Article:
WSESD special education millage passes
Lake, Mason support overcomes Oceana's disapproval
LUDINGTON — With the support of voters in its district, the West Shore Educational Service District will continue to receive special education funds from a district-wide millage for the next eight years.
On Tuesday, voters in Lake, Mason and Oceana counties who live within the WSESD were asked weather to renew a special education millage of 1 mill for eight years. When the unofficial election results were tallied, the millage renewal was approved with 66 percent voting in favor of it.
"That’s a good feeling to know that the majority of our voters within the ESD support the continuation of our level of service to the students, special ed students, and to our school districts, because
some of this goes to reimburse them for the services they are providing to our community," said West Shore ESD Superintendent Randy Howes. "It’s a good feeling to know that we have our voters support for that aspect of our operation."
The millage — which generates nearly $3 million per year — originally was approved in 1990 and subsequently renewed in 1998 and 2006. It had expired and was needed to be renewed to continue to provide support for special education in Baldwin, Hart, Ludington, Pentwater, Mason County Eastern, Mason County Central, Shelby and Walkerville school districts, as well as area special education programs provided at the West Shore ESD Center.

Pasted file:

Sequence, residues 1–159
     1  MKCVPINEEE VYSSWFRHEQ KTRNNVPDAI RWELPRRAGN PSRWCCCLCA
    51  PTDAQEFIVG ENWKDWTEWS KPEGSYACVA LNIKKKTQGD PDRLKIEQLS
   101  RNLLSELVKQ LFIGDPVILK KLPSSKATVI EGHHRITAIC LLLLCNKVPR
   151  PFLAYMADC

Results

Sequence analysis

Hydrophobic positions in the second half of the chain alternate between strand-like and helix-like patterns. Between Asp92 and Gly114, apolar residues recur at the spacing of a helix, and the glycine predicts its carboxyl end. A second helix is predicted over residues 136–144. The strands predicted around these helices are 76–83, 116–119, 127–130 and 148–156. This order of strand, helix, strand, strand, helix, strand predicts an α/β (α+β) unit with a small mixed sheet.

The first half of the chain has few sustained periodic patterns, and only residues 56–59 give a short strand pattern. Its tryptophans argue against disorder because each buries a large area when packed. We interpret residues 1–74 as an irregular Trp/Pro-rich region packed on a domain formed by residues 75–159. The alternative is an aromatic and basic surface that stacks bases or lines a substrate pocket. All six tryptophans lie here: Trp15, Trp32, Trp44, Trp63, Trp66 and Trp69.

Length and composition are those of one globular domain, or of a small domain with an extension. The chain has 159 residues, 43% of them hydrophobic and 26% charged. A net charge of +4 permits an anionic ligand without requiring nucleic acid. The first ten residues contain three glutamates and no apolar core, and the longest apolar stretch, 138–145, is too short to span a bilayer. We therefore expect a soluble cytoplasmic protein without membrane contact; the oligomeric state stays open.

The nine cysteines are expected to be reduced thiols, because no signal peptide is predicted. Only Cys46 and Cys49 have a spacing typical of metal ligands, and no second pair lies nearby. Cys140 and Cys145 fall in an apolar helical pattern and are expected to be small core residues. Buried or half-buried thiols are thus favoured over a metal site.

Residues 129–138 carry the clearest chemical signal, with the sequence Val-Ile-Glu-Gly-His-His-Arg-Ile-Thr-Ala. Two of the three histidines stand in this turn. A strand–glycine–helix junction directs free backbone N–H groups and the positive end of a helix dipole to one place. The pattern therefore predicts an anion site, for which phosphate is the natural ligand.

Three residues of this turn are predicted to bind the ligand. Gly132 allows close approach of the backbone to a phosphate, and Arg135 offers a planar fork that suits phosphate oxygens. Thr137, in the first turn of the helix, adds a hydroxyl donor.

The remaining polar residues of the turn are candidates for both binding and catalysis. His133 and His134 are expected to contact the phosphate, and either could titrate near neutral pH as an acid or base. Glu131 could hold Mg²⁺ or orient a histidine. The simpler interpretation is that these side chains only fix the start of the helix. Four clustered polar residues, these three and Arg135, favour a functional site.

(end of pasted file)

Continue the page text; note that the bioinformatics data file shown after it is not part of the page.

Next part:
For the 2013-14 school year alone, the 1 mill levy provides $1.6 million in payments to local school districts. For Baldwin Community Schools, it provides $134,881 in payments this year, Howes said.
According to the unofficial results, 162 voters in Lake County approved the millage, while 108 voted "no." The millage was overwhelmingly supported in Mason County, with 1,852 voters approving it compared to 502 "no" votes. However, in Oceana County, 751 voters cast a "no" vote compared to 685 who voted "yes" to approve the millage.
Howes believes the millage was voted against in Oceana County because some voters are upset with the merger of the Mason-Lake and Oceana intermediate school districts to become the WSESD two years ago.
"There are a lot people in the south who are upset because the merger happened, which increased taxes down there by about a mil-and-a-half without a vote of the people," Howes said. "This is residual from that, I think."
To help rectify some voters' distress, Howes would like to focus on creating a report card for voters in the district to explain how their money is being used at WSESD.
"I want to spend some time helping people take a look at 'How were things before the merger? How are things now? How's your money being used?' That is next on my list," Howes said.
The district was hopeful the millage would pass, so the funds were already accounted for in this year's budget. Now the district can continue to provide its services at the same level it has in the past, Howes said.